I found out about this book from one of my older brothers. I think I was still in my early teen when he told me about this book and it was a couple of years after when I found a copy for myself. But I remember the moment I picked it up I was hooked.
The book cover features an artist’s depiction of the Spanish conquistador Hernán Cortés (1485 – 1547) and the Aztec Emperor Moctezuma II (c. 1466 – 1520) in 1519, where a handful of Spanish conquistadors and a small number of allies in one fell swoop massacred an Aztec decimated thousands of warriors and captured their leader. It was the start of the Spanish colonization of the Americas, and the beginning of the end of the Aztec civilization. The book Empires of the Word: A Language History of the World which I have a review of also recounts this historical incident.
What advantages did European civilizations have that gave Hernán Cortés and this men such advantage that with a small number of adventurers topple and some allies the greatest empire in the Americas at the time. Did the Europeans have a natural physical and mental superiority that gave them natural advantages over the Aztecs? Why is it in the last century Europeans and those of descended from them had such great hegemony over technology, wealth and power? Why was it that throughout almost the entire history of civilization, Eurasian people led the world?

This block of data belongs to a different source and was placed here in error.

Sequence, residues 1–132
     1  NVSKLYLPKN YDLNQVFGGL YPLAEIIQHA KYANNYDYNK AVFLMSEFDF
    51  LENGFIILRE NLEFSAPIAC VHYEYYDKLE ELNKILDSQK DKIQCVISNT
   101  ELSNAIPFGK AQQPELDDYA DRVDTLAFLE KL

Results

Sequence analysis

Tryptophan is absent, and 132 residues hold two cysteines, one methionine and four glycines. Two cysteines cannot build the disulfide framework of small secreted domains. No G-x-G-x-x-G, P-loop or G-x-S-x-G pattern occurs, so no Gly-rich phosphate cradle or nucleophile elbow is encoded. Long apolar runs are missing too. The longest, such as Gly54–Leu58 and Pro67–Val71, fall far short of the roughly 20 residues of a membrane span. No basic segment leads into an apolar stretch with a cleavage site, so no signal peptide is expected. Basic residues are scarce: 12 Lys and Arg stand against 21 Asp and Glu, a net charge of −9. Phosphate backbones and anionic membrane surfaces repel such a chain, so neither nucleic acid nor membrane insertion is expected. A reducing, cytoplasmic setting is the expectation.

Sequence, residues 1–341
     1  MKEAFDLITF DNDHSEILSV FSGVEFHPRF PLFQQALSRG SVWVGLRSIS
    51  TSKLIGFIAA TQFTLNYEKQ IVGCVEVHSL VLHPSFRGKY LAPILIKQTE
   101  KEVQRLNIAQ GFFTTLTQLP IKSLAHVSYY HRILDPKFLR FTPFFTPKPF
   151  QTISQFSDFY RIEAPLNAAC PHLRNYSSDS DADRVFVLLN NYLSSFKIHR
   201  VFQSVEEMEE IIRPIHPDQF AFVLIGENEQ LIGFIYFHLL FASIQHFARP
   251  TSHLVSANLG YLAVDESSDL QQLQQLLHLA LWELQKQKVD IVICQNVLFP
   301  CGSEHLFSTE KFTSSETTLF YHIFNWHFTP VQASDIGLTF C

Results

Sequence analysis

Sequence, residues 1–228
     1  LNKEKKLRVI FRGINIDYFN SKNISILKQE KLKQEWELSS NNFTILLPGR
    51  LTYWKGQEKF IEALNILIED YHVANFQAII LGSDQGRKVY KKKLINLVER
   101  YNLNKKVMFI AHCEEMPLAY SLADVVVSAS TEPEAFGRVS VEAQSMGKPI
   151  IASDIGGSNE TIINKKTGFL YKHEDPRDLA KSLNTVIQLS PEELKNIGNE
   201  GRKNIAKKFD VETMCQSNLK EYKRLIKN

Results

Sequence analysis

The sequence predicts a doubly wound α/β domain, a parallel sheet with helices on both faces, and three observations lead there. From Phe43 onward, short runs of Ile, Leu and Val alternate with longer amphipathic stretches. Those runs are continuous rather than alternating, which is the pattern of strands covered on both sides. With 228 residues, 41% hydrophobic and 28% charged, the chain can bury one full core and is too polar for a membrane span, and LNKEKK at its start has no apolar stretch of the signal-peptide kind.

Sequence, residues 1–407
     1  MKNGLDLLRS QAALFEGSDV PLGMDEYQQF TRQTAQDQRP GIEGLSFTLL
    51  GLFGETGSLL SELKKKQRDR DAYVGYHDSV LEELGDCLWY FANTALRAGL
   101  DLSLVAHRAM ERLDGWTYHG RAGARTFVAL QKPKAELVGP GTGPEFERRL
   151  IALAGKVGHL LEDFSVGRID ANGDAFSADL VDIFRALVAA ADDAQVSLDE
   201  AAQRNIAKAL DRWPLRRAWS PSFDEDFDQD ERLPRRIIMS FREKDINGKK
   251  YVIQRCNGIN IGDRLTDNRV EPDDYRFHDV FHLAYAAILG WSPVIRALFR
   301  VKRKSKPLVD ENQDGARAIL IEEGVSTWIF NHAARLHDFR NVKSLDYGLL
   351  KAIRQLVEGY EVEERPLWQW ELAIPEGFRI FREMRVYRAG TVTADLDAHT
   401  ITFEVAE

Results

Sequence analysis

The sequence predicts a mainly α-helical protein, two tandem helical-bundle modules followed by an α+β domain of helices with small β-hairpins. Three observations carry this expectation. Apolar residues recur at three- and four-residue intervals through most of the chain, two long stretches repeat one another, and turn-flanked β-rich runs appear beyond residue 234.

In the start of the book’s prologue, he recounts talking to a politician from Papua New Guinea who asks him why Europeans were so ahead of other civilizations, like the civilizations that rose of Papua New Guinea, South East Asia, Africa, or the Americas. It does get you thinking. Were they any less smarter, or less industrious?
In his fascinating book, Jared Diamond argues that it was not by any innate superiority in intelligence or physical prowess that made Eurasia progress far ahead, but it was from advantages in geography that accumulated and compounded since the start of civilazation. I put the advantages Eurasian civilization had into three main broad categories that make up the title of his book.
Guns: Warfare was a constant in the Europe because geography weas conducive to allow cities and kingdoms to grow around each other and compete. Military advancements were important with many possibly belligerent immediate neighbors. Because competition was fierce, those who were practical in their methods quickly succeeded and conquered those who were not.
Germs: Though a lot of emphasis is placed on military conflict and the guns and swords of conquerors that put indigenous people to death, germs played a major role if not a bigger role in conquest.
First are the “bad” germs that hard people – Small Pox, Flu, Colds and other viruses and microscopic killers. Because European society had for much longer lived in densely-populated cities and were able to host to many infectious disease. Over time, their populations grew resistance to these diseases. Diseases were much easier to pass from one person to another in cities in places with a high-population density, and survivors of these disease or those more resistant to them were able to produce more offspring. In short, diseases which were simple colds to Europeans, were deadly killers to the American Indians. Virulence is another topic I like reading about by the way.